What, exactly, is a headphone song? The definition changes depending on who you are.
For audiophiles, a headphone song—or album, for that matter—is a work that is so exquisite that it demands you listen to each beautifully recorded note under a sonic microscope. Miles Davis’ “Kind of Blue” fits that bill, the song and the album.
For others, a great “headphone work” is one that makes an intimate album more intimate (such as Bob Dylan’s original mono recordings), or a loud album louder (Rage Against the Machine’s debut effort).
We’re an unsubtle and hyperactive bunch here at Guitar World, so our favorite headphone songs seem to be those that have a lot of activity in the stereo field. As silly as it sounds, we love it every time a guitar solo takes a shortcut through our skulls as it zooms from one ear to the other.
Anyway, with the help of the gang at Blue Microphones, we’ve selected 16 of our favorite headphone songs—and we’re asking you to vote for your favorites of the bunch! We’ve even launched a quick readers’ poll—a bracket of 16 as opposed to our usual bracket of 32—so the tunes can shoot it out on GuitarWorld.com.
If you don’t know what we’re talking about—or you’ve never experienced any of the great songs listed in the bracket below—we suggest you go home, put on your best set of ‘phones, turn out the lights, turn up the volume and prepare to have your mind blown sky high. And vote, of course!
Note: All song titles used in this poll refer to the stereo studio versions, unless otherwise noted.
Enjoy our Best Rock Headphone Song Ever poll, which is sponsored by Blue Microphones!
“Tomorrow Never Knows,” The Beatles
The Beatles’ new direction for 1966 was evident from the very first track recorded for Revolver: “Tomorrow Never Knows.” Titled simply “Mark 1” at the time recording commenced on April 6, 1966, the song was written by Lennon, the product of his experience with LSD, which he’d taken the previous January. Using lines from The Psychedelic Experience, an LSD manual based on the Tibetan Book of the Dead, he wrote the song as a mantra composed of one repeating melody line over driving bass and drum track. “It’s only got the one chord, and the whole thing is meant to be like a drone,” Lennon told Martin and Emerick.
Additionally, he explained, he wanted his voice to sound “like the Dalai Lama chanting from a mountaintop.” Says Emerick, “I was thinking, Well, I’ve got an echo chamber and … that’s all! I didn’t know what I was going to do. And suddenly, there it was, staring me in the face!”
“It” was the studio’s Leslie rotary speaker cabinet, a standard piece of equipment for organs but one that had never been used for any other instrument or for voice. As Lennon’s voice came swirling through the Leslie, the assembled group listened in awe from the control room. “It’s the Dalai Lennon!” exclaimed McCartney.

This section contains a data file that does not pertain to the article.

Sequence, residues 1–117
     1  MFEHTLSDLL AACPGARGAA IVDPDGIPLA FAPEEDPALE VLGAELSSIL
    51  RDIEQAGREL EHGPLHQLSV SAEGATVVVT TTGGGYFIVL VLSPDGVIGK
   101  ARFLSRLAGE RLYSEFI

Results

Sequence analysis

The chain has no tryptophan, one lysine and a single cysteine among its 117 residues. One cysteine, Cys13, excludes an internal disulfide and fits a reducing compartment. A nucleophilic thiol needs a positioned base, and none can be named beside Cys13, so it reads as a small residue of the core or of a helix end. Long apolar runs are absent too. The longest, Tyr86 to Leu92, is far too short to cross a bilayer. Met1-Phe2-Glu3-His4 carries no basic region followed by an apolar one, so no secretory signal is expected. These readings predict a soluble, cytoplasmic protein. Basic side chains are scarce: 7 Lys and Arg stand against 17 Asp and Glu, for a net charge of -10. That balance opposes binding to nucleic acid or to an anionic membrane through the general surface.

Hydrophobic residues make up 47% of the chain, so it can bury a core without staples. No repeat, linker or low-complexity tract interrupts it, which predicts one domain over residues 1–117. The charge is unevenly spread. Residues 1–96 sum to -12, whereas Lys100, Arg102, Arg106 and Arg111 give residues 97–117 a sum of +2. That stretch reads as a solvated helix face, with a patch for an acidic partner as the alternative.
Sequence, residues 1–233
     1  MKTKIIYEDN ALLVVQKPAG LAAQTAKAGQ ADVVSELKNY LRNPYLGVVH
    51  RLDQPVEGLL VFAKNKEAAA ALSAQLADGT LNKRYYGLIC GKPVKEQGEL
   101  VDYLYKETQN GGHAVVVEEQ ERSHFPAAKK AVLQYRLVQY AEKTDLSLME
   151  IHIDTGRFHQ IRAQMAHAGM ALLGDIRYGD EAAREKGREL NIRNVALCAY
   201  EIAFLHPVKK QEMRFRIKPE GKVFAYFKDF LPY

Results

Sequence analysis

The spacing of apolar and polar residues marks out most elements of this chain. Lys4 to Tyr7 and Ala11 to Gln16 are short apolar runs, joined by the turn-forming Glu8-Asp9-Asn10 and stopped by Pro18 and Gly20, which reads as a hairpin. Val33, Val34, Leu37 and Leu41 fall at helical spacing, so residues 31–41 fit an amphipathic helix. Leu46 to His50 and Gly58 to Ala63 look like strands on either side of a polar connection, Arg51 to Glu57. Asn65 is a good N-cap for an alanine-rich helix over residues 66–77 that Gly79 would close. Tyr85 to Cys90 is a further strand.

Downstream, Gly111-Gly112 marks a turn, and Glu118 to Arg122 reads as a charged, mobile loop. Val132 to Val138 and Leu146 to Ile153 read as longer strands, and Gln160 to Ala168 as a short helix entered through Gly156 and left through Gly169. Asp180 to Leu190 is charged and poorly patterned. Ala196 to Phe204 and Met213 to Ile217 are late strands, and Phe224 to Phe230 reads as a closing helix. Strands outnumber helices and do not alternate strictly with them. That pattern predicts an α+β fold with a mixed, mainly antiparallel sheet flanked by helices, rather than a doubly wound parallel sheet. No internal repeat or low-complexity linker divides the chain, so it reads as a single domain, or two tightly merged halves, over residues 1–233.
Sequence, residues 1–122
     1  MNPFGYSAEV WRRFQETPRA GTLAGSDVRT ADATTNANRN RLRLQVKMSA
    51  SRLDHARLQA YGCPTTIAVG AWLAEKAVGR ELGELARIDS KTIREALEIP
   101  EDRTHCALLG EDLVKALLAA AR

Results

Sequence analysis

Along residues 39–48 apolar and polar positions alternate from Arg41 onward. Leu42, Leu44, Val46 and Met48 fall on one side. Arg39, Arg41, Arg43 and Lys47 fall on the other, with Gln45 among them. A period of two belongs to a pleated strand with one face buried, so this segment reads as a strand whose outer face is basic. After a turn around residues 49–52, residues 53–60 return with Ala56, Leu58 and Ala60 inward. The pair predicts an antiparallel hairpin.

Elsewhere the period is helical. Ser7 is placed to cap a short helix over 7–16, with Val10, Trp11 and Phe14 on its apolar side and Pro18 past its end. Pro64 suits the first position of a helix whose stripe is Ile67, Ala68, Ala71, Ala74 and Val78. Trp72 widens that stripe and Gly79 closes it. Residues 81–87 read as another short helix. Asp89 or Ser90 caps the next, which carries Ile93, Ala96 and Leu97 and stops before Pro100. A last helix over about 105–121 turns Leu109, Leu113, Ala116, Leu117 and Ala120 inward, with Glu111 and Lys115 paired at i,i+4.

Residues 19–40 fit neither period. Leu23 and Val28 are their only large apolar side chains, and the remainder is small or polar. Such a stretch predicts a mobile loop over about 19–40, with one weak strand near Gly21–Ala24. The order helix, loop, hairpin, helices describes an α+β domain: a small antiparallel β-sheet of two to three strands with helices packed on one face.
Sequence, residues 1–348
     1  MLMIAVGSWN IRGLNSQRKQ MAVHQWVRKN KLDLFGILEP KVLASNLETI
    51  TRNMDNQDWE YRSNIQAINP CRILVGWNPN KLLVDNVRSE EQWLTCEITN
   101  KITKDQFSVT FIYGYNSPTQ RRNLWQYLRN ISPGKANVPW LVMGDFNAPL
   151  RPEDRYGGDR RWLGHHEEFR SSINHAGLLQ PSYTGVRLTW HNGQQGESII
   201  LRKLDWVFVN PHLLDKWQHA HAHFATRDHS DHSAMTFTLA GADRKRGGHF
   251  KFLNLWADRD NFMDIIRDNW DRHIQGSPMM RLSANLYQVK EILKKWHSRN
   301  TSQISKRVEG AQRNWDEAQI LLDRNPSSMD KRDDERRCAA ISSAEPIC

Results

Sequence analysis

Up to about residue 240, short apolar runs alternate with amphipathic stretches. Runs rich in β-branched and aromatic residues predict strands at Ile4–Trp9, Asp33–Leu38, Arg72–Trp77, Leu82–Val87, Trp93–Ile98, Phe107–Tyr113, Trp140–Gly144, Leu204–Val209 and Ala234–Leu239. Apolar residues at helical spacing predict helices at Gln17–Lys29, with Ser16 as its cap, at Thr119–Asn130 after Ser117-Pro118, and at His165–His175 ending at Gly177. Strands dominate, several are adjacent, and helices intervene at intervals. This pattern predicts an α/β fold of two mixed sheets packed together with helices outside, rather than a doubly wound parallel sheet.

“Girl Gone Bad,” Van Halen
All of Eddie Van Halen’s 1984 guitar solos were dazzling, but the showstoppers are “Hot for Teacher,” with its hot-rodded blues boogie shuffle, and “Girl Gone Bad,” featuring Van Halen’s signature harmonics, a dynamic progressive rock structure and a blazing solo filled with Allan Holdsworth–style legato runs.
“Allan really inspired me,” Van Halen said. “There weren’t any other guitarists out there who were blowing my mind at the time other than him. I don’t think anyone can copy what he does. He can do with one hand what I need two to do. How he does it is beyond me. But sometimes his playing is so out there that people don’t get it.
“I always carried a microcassette recorder with me. I recorded my idea for ‘Girl Gone Bad’ by humming and whistling into it in the closet of a hotel room while Valerie was sleeping. I pretty much wrote the entire song in that state, and then when I got home I put it all together.
“I had actually retired the Frankenstein by then. I’m pretty sure I used the Kramer 5150 guitar the most on that album—“Panama,” “Girl Gone Bad,” “House of Pain,” the solos on “Jump” and “I’ll Wait.”
Behold the Latest Bracket!
How the Bracket Was Compiled
Here’s how the bracket was—very unscientifically—compiled.
We drew the songs’ names out of a hat (It was, in fact, a Quebec Nordiques baseball cap, which is called a casquette in Quebec) to help us create our bracket, which is available for your viewing pleasure below. Obviously, none of these songs are ranked or come from a previously compiled list, so we chose purely random matchups to have as little impact as possible on the final outcome.
Remember that, as with any poll, genre might occasionally clash against genre, so you’ll just need to decide which song has (or has had) the most to offer within its genre.
As always, you can vote only once per matchup (once per device, that is), and we’ll be posting match-ups pretty much every day of the month, sometimes more than once per day, just to give you an early warning. Merci!